977 F.2d 996 (6th Cir. 1992), 88-1563, Knop v. Johnson

Docket Nº:88-1563, 88-1634 and 88-1879.
Citation:977 F.2d 996
Party Name:Gary KNOP, et al., Plaintiffs-Appellees, Cross-Appellants, v. Perry M. JOHNSON, et al., Defendants-Appellants, Cross-Appellees. Everett HADIX, et al., Plaintiffs-Appellees, v. Perry M. JOHNSON, Individually and as Director of the Michigan Department of Corrections, Defendant-Appellant.
Case Date:October 16, 1992
Court:United States Courts of Appeals, Court of Appeals for the Sixth Circuit
 
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Page 996

977 F.2d 996 (6th Cir. 1992)

Gary KNOP, et al., Plaintiffs-Appellees, Cross-Appellants,

v.

Perry M. JOHNSON, et al., Defendants-Appellants, Cross-Appellees.

Everett HADIX, et al., Plaintiffs-Appellees,

v.

Perry M. JOHNSON, Individually and as Director of the

Michigan Department of Corrections, Defendant-Appellant.

Nos. 88-1563, 88-1634 and 88-1879.

United States Court of Appeals, Sixth Circuit

October 16, 1992

Argued Aug. 3, 1992.

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[Copyrighted Material Omitted]

Page 998

Patricia A. Streeter, Detroit, Mich., William L. Fette, American Civ. Liberties Fund of Michigan, Kalamazoo, Mich., Elizabeth R. Alexander (argued and briefed), Chief, Staff Counsel, Washington, D.C., for plaintiffs-appellees Gary Knop, John Ford, William Lovett, II, Ramando Valeroso, Gus Jansson, Pat Sommerville, Vernard Cohen, Jon Spytma, Robert Shipp, Butch Davis, Ron Mixon and Kerwin Cook.

Susan Przekop Shaw, Barbara A. Schmidt, Office of Atty. Gen., Corrections Div., Thomas C. Nelson (argued and briefed), Atty. Gen., Office of Atty. Gen., Habeas Div., Lansing, Mich., for defendants-appellants Perry Johnson, Robert Brown, Jr., Dale Foltz, John Jabe, Theodore Koehler, John Prelesnik and Jack Bergman.

Larry Bennett, Lopatin, Miller, Freedman, Bluestone, Erlich & Rosen, Michael Barnhart (argued), Barnhart & Mirer, Patricia A. Streeter (briefed), Detroit, Mich., Thomas M. Loeb, Southfield, Mich., for plaintiffs-appellees Everett Hadix, Richard Mapes, Patrick C. Sommerville, Rossevelt Hudson, Jr., Brent E. Koster, Lee A. McDonald, Darryl Sturges, Robert Flemster, William Lovett, James Covington, Frank Thomas and James Hadix.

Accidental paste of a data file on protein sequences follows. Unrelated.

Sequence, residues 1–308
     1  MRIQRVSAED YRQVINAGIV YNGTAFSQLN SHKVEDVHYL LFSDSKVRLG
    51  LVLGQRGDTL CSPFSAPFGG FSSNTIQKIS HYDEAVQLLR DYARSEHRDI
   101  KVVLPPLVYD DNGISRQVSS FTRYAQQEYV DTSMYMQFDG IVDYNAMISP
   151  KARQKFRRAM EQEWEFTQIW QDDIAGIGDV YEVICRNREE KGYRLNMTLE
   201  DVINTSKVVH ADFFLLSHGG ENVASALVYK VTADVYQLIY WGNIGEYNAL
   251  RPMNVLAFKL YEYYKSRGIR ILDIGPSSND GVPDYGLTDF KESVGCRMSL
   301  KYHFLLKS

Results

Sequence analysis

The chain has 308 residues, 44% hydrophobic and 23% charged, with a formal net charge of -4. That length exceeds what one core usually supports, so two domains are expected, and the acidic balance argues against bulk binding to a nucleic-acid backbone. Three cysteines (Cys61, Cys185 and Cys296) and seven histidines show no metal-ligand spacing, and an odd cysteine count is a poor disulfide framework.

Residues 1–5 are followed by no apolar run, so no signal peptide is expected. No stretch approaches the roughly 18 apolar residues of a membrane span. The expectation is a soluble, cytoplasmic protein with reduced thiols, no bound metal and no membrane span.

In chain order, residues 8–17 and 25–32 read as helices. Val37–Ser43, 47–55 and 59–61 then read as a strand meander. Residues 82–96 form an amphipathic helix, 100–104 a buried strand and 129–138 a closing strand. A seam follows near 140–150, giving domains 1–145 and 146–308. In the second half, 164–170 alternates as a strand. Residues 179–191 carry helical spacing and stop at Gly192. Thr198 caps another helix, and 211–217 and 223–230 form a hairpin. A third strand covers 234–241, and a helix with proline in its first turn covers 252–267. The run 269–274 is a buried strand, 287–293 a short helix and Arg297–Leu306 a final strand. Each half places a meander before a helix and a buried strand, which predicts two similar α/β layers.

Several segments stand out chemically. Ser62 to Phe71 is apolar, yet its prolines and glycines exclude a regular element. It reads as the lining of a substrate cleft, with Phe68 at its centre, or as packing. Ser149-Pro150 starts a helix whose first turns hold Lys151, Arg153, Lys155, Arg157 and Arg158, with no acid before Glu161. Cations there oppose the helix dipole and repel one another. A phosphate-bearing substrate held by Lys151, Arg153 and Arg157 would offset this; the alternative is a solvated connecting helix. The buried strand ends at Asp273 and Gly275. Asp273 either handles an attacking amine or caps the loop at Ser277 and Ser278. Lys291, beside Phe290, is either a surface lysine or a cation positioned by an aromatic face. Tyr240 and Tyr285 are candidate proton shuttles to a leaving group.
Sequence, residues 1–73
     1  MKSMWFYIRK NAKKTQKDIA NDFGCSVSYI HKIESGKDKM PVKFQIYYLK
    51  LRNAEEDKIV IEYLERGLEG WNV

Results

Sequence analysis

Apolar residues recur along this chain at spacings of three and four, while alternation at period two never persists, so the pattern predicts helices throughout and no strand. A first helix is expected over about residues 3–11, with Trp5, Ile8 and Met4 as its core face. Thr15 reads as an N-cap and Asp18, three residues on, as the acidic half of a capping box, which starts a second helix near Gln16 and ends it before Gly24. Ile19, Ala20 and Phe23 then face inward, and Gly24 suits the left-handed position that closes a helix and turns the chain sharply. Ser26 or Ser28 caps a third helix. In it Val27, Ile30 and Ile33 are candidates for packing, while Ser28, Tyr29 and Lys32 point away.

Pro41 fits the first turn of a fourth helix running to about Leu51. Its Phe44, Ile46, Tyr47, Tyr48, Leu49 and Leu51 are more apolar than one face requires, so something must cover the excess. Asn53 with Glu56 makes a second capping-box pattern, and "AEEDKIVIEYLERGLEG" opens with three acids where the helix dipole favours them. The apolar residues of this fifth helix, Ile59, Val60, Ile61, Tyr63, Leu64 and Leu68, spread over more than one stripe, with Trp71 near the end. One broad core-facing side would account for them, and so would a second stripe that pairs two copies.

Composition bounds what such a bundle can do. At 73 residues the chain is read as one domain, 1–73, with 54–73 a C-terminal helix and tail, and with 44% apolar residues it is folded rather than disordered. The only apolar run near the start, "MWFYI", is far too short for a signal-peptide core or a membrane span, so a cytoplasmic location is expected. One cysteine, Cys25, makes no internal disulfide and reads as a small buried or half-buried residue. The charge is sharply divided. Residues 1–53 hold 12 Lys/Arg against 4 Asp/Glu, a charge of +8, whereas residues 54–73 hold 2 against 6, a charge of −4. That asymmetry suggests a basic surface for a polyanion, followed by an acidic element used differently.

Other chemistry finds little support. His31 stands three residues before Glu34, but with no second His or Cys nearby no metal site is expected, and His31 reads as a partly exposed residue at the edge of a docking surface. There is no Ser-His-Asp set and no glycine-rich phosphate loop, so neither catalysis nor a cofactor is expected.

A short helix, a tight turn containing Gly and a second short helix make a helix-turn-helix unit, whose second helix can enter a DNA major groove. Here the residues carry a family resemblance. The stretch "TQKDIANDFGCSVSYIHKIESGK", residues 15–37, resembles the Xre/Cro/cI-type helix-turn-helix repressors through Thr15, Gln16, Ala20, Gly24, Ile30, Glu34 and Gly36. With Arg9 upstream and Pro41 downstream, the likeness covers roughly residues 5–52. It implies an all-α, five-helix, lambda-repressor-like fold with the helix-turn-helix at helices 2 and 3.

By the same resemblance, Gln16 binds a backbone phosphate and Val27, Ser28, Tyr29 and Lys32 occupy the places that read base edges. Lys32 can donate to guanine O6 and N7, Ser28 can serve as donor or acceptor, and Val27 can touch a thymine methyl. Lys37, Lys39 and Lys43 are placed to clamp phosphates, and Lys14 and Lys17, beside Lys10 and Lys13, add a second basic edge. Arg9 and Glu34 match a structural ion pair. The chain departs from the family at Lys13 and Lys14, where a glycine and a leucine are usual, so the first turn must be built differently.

Susan A. Harris (argued and briefed), Asst. Atty. Gen., Office of Atty. Gen. of Mich., Detroit, Mich., Susan Przekop Shaw, Office of Atty. Gen., Corrections Div., Lansing, Mich., for defendant-appellant Perry Johnson and defendants Barry Mintzes, individually and as Warden, Charles Anderson, individually and as Past Warden, William F. Grant, individually and as Deputy Warden, Daniel Trudell, individually and as Deputy Warden, Duane Sholes, individually and as Deputy Warden, John Jabe, individually and as Business Manager of State of Mich., James Pogats, individually

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and as Administrative Asst. to the Warden, Roy Rider, individually and as Classification Director of State Prison, Charles Ustess, individually and as Resident Services Director of State Prison, Don P. Leduc, individually and as Chairman of Corrections Com'n, Robert Brown, Jr., Deputy Director, Graham Allen, Elton Scott, Pam Withrow, Frank E. Elo, Marjorie Van Ochten and John Prelesnik.

Arthur J. Tarnow, Detroit, Mich., Sandra Girard (argued and briefed), Prison Legal Services of Michigan, Inc., Jackson, Mich., for amicus curiae Prison Legal Services of Michigan, Inc.

Before: NELSON and BOGGS, Circuit Judges, and WILHOIT, District Judge. [*]

DAVID A. NELSON, Circuit Judge.

These are consolidated appeals in two class actions brought against the Director of the Michigan Department of Corrections by inmates of the Michigan prison system who challenge the constitutionality of certain conditions of their confinement. Both cases involve the State Prison of Southern Michigan at Jackson, and Knop involves three other Michigan prisons as well.

An issue common to the appeals in both Knop and Hadix is whether the district courts erred in finding, as both did, that Michigan prisoners have been denied their right of access to the courts. On the records before us, and finding no clear error in the facts as determined by the district courts (Enslen and Feikens, JJ.) in their thorough and well-crafted opinions, we are satisfied that there are at least some Michigan prisoners who have been denied the type of access to the courts required under current Supreme Court doctrine.

Although it is well established that the federal constitution requires states affirmatively to assist state prisoners in obtaining access to the courts for presentation of constitutional claims related to their confinement, see Bounds v. Smith, 430 U.S. 817, 97 S.Ct. 1491, 52 L.Ed.2d 72 (1977), there has been some uncertainty as to the breadth of the class of claims covered by this requirement and as to how far the states must go in affirmatively facilitating the prisoners' access to the courts. Our recent decision in John L. v. Adams, 969 F.2d 228 (6th Cir.1992), which involved incarcerated juveniles, teaches that affirmative assistance need not be provided for litigation that is not related to the inmate's incarceration. The same limiting principle applies, we believe, with respect to adult prisoners. The principle was correctly applied in Knop, but not in Hadix; the remedial order in the latter case should have been limited, as was the order in Knop, to assistance for prisoners in making collateral attacks on their convictions and in challenging the constitutionality of the conditions of their confinement.